3 296 0.927981 0.0747 0.2109341 0.0033256
4 278 0.871092 0.138 0.3047488 0.012817
5 258 0.808533 0.2125 0.3948721 0.0331391
6 215 0.673987 0.3945 0.5723452 0.1292447
7 138 0.432116 0.8391 0.9000702 0.679746

Recall that sensor 2 data weakens the accuracy of the prediction of sensor 7, on average, and that sensor 7 data would be left out of the model that predicts the position of sensor 7. So a multiple linear regression would be fit as shown in table 10:

 

Table 10. Final SLIC procedure calculations for sensor 7.
Sensor y x1 x2
3 12 0.2109341 0.0033256
4 18 0.3047488 0.012817
5 24 0.3948721 0.0331391
6 36 0.5723452 0.1292447

This was done, and the results are shown in table 11.

 

Regression Statistics  
Multiple R 1
R Squared 1
Adjusted R Squared 1
Standard Error 0.0662
Observations 4
ANOVA
  df SS MS F
Regression 2 314.99561 157.49781 ####
Residual 1 0.0043885 0.0043885  
Total 3 315    
  Coefficients Standard Error T Stat P-value
Intercept –1.549 0.2199251 –7.04254 0.09
x1 64.021 0.8377741 76.418037 0.01
x2 7.0493 2.233105 3.1567421 0.2

Then the values of a, b, and c can be (electronically) read from the output as –1.549, 64.021, and 7.0493, and the values of x1 and x2 for sensor 7 used to predict the position of sensor 7 as –1.549 + 64.021*.9000702 + 7.0493*0.679746. This value, 60.866, is the predicted value of the sensor 7 offset (in inches). This procedure was found to produce predictions that averaged close to 152.4 centimeters (cm) (60 inches) on datasets with no previously found error and with the least variation about this expected value. However, as can be seen in the graphs in appendices C through L, there is still some scatter, mostly due to the fact that an extrapolation somewhat far from the existing points is required. In the graphs that depict the time series of predictions of D7, found in appendices C through L, this prediction would correspond to exactly one point in graphs of D7 predictions for a particular FWD. The value of R2, in this case so close to 1 that it is rounded to 1, also would be graphed as one point in the appropriate graph of R2.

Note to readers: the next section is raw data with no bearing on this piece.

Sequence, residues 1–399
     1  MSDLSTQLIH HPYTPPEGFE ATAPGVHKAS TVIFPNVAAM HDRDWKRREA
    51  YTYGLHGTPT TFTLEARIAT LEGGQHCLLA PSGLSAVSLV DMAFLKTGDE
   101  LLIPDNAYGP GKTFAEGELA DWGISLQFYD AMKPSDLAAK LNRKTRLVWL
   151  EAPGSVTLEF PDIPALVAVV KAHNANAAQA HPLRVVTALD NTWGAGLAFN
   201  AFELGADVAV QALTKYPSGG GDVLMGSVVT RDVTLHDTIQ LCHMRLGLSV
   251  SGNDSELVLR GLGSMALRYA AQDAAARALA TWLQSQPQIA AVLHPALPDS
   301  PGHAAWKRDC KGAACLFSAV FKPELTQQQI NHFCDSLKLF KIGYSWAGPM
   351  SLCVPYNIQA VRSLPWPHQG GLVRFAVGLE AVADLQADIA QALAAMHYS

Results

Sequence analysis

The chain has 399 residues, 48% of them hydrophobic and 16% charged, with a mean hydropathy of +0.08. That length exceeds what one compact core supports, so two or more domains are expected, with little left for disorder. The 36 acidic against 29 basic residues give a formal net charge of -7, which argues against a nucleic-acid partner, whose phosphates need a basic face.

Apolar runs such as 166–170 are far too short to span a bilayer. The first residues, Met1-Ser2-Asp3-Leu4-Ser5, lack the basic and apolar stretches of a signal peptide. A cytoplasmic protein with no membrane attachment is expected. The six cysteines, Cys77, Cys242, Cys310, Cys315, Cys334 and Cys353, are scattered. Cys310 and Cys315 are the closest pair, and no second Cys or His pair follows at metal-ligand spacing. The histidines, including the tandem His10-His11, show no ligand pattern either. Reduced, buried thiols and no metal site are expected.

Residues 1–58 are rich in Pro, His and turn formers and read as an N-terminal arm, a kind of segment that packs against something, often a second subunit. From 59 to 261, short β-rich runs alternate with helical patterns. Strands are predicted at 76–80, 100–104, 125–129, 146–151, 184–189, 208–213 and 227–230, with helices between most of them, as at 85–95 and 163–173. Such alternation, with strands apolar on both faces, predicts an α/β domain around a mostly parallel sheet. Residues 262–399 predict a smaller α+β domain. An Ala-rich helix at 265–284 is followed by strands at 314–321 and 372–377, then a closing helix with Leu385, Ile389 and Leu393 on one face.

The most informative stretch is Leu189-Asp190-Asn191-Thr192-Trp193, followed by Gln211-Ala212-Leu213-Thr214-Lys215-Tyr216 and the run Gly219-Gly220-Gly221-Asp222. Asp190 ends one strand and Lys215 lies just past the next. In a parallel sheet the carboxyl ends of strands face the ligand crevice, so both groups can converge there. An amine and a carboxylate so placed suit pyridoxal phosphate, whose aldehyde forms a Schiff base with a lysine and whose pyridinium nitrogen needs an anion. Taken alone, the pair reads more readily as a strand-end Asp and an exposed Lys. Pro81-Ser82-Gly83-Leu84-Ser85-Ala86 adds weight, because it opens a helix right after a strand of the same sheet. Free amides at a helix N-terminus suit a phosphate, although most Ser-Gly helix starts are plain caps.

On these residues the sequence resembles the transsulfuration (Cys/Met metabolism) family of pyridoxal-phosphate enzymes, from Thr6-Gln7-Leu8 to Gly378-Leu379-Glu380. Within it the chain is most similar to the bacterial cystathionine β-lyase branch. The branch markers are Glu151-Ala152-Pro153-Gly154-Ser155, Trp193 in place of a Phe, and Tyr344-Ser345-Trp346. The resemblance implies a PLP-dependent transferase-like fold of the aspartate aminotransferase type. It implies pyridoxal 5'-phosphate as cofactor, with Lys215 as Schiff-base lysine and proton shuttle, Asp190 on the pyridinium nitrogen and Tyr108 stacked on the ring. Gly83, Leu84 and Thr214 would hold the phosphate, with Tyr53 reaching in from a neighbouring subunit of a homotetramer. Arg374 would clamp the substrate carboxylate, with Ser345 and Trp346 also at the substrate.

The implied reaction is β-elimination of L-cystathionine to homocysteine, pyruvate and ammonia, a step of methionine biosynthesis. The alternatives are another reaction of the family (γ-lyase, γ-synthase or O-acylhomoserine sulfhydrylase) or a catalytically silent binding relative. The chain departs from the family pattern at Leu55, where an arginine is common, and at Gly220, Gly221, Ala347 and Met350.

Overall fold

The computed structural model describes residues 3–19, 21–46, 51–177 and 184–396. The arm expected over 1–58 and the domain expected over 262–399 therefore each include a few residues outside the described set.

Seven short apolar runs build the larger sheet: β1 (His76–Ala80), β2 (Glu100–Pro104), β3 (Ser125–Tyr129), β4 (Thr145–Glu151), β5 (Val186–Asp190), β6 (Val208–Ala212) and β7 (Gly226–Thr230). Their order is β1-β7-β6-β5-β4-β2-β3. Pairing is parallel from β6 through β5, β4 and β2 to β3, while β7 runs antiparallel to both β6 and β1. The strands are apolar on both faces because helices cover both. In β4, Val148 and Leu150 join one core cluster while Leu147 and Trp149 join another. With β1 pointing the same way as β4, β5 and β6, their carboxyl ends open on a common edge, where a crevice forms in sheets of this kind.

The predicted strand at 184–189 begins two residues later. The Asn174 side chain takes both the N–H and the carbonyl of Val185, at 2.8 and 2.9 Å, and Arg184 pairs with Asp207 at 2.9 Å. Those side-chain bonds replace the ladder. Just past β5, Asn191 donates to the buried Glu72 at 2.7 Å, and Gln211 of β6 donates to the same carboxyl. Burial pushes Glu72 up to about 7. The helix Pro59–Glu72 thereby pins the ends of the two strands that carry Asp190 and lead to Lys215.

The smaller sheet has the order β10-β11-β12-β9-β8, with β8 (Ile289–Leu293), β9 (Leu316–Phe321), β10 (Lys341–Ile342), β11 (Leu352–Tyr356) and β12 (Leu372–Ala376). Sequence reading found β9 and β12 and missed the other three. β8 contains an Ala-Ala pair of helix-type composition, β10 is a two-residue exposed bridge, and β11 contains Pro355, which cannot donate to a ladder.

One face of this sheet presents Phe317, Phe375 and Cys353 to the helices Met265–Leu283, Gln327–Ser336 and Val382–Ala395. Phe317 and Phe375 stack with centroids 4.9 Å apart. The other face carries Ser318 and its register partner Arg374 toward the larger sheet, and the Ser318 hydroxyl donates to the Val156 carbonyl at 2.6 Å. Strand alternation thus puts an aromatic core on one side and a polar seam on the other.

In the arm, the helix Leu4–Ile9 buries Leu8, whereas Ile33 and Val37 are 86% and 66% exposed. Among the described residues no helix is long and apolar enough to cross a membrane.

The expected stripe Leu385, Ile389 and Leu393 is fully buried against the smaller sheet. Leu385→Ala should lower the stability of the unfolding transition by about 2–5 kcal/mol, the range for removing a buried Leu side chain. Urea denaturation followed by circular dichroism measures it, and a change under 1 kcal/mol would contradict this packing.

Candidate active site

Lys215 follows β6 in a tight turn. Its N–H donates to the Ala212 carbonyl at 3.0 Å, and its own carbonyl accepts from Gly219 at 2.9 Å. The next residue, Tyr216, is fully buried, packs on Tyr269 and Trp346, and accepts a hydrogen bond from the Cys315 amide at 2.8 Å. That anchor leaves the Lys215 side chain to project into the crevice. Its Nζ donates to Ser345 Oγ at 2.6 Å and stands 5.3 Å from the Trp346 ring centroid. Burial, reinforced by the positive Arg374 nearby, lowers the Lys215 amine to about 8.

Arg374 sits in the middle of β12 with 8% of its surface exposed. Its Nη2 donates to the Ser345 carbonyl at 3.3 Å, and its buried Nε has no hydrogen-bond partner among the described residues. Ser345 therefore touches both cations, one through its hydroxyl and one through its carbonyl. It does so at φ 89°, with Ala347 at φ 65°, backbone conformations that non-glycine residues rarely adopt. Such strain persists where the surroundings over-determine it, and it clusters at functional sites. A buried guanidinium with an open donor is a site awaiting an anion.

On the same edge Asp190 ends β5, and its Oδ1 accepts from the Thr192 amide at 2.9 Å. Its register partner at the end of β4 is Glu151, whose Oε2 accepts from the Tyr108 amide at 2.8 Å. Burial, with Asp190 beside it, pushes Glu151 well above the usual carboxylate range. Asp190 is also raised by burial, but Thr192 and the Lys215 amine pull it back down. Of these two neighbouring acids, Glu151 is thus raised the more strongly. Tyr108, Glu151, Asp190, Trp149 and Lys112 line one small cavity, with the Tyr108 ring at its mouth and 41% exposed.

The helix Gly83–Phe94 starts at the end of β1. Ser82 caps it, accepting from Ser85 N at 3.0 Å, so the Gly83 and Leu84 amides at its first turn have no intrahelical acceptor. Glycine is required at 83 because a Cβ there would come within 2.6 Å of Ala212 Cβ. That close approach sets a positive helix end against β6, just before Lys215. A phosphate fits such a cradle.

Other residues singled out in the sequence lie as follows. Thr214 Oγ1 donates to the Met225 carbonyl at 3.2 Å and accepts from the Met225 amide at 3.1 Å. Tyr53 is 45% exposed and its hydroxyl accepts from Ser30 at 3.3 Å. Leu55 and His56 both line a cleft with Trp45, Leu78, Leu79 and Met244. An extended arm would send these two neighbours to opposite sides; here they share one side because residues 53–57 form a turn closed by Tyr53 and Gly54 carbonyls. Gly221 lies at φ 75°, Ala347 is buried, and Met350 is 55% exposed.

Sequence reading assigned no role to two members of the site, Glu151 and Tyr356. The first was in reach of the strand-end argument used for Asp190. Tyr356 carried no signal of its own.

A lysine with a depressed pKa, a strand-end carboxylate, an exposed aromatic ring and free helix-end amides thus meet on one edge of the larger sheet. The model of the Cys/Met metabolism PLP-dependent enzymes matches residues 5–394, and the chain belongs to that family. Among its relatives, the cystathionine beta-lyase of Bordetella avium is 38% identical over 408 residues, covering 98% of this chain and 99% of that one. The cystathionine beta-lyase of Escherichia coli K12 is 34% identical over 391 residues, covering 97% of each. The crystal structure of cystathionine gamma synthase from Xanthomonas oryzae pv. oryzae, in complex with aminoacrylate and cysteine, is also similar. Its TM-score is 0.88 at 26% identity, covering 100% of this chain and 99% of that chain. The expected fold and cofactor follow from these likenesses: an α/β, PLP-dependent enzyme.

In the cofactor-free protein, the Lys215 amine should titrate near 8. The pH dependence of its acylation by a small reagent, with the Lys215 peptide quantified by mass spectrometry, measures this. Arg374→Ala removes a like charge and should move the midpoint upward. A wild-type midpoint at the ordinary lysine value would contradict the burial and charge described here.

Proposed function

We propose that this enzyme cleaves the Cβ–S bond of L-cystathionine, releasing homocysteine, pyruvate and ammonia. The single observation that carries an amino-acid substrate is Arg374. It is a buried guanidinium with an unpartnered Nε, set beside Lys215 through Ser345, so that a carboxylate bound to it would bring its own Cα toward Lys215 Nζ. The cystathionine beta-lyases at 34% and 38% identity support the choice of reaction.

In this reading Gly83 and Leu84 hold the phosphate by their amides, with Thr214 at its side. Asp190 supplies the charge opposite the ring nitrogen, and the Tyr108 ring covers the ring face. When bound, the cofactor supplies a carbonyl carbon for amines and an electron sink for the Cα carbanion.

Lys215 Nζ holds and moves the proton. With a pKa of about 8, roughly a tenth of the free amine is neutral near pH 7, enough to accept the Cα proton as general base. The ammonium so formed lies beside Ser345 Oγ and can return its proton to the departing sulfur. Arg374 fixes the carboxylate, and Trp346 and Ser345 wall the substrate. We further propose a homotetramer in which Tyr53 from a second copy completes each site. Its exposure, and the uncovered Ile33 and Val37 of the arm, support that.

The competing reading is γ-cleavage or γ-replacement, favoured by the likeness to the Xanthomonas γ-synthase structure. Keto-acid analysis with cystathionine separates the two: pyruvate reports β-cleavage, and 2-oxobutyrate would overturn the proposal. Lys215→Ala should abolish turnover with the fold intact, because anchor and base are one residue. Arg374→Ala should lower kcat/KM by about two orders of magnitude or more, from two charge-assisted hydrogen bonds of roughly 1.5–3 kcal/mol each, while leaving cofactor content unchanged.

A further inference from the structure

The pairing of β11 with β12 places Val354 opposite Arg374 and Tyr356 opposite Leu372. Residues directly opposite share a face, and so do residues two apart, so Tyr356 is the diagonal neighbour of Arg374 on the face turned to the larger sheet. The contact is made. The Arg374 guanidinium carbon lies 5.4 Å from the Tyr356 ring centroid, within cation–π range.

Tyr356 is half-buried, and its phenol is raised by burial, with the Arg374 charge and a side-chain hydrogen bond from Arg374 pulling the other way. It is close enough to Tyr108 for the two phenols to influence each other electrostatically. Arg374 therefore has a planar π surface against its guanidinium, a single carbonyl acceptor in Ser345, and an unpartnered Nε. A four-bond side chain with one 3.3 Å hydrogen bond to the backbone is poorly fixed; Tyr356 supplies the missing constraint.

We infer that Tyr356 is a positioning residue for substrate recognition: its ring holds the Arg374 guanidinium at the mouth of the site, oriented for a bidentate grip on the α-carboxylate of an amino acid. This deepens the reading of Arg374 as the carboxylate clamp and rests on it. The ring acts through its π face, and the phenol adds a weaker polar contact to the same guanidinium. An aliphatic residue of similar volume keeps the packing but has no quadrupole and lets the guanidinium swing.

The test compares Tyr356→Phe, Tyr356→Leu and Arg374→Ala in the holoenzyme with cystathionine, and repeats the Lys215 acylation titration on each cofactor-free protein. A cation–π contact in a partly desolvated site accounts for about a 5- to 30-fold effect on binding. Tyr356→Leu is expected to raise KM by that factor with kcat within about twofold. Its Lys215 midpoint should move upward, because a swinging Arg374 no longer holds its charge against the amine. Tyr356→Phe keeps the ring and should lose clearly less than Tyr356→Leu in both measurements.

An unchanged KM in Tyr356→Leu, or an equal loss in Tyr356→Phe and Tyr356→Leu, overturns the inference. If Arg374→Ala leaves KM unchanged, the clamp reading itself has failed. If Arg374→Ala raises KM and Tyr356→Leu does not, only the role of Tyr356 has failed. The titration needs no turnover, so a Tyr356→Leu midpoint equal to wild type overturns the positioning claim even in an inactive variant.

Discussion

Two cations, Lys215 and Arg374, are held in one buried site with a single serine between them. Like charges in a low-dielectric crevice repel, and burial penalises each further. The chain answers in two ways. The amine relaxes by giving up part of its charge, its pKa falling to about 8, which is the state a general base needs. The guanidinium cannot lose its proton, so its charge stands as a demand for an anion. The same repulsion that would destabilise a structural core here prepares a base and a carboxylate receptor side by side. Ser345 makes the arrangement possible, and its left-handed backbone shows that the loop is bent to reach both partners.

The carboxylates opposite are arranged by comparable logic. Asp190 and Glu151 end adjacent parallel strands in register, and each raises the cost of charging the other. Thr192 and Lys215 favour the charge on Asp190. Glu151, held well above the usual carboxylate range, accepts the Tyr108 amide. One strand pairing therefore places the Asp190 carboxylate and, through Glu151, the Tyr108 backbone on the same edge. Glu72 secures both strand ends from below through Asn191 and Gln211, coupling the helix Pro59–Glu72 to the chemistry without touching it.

The entire procedure was repeated for sensor 2 predictions also, except that the model that best predicted 20.32 cm (8 inches) for sensor 2, was revised as shown in figure 11.

Figure 11. Equation. Offset, sensor 2. Offset equals the sum of three terms. The first term is A. The second term is the product of B times the natural logarithm, raised to the 0.9 power, of the normalized deflection, which is the absolute value of ND. The third term is the product of C times the natural logarithm, raised to the 2.2 power, of the normalized deflection, which is the absolute value of ND.

Figure 11. Equation. Offset, sensor 2.

That is, only the value of d had to be changed, from 0.6 to 0.9, while the value of e remained at 2.2. As in the case of sensor 7, this work was based on a dataset believed to be error-free from previous work. The remainder of the procedure was identical, including the choice of an optimal set of data for predicting sensor 2, which also was the four closest sensors, sensors 3 through 6.

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The Federal Highway Administration (FHWA) is a part of the U.S. Department of Transportation and is headquartered in Washington, D.C., with field offices across the United States. is a major agency of the U.S. Department of Transportation (DOT). Provide leadership and technology for the delivery of long life pavements that meet our customers needs and are safe, cost effective, and can be effectively maintained. Federal Highway Administration's (FHWA) R&T Web site portal, which provides access to or information about the Agency’s R&T program, projects, partnerships, publications, and results.